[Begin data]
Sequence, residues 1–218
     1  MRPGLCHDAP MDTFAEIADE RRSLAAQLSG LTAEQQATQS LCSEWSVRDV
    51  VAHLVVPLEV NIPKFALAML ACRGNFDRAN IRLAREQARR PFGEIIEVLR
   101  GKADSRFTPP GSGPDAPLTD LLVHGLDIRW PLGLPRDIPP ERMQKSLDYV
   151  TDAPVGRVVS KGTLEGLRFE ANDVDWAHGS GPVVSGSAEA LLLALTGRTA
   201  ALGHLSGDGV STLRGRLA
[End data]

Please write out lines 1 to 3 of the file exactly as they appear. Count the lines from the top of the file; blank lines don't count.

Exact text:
Sequence, residues 1–218
     1  MRPGLCHDAP MDTFAEIADE RRSLAAQLSG LTAEQQATQS LCSEWSVRDV
    51  VAHLVVPLEV NIPKFALAML ACRGNFDRAN IRLAREQARR PFGEIIEVLR